The police are likely right that it's too early to tell whether the shift to .05 from .08 has saved lives.
Labour's Sue Morony very correctly points out that very few crashes involve drivers between the .05 and .08 limits. There was never much chance that the change would have passed muster if based only on deaths in that cohort - there's just not that much increased road accident risk between .05 and .08.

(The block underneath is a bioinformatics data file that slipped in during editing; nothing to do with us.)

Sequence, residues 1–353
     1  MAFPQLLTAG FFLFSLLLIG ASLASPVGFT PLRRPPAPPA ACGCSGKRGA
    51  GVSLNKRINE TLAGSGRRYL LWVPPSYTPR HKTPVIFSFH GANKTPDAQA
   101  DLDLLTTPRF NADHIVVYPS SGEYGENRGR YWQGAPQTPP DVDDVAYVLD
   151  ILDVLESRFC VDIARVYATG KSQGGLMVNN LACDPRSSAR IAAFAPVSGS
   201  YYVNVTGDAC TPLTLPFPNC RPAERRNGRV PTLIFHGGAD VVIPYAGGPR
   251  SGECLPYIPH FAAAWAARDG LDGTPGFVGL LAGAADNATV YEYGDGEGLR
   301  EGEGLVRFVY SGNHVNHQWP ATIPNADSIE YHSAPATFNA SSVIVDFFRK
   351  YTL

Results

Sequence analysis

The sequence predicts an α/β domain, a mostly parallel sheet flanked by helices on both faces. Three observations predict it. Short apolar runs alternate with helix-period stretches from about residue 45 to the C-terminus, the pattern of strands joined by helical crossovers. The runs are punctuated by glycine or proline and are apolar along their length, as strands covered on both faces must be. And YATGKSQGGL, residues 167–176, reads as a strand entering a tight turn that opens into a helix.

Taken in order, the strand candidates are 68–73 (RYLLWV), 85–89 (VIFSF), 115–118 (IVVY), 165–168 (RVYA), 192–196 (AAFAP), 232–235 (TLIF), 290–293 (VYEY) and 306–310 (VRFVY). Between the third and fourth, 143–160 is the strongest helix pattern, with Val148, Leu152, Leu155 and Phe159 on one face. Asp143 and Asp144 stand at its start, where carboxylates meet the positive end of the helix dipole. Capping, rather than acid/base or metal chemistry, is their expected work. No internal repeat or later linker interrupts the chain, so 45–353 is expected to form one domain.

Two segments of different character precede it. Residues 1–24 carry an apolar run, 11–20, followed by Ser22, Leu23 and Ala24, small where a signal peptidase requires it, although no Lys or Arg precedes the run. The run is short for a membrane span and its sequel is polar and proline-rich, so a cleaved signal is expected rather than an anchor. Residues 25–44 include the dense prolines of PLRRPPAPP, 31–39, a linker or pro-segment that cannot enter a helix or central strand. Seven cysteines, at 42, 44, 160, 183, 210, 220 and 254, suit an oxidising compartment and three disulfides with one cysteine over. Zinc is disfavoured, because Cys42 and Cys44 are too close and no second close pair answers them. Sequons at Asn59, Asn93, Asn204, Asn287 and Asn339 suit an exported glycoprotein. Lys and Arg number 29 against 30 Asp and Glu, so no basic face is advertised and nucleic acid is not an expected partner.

The chances of the policy's success rather depended on whether .05 meant fewer drivers got to .10 or higher. If people make bad decisions about having another one or two after hitting .06, and don't get to .06 under .05, then the policy could save lives. Whether it passes cost-benefit is another thing. But it'll be interesting to see the police's numbers when they come out. I hope that they properly adjust for prior trends in drink drive rates when they do so.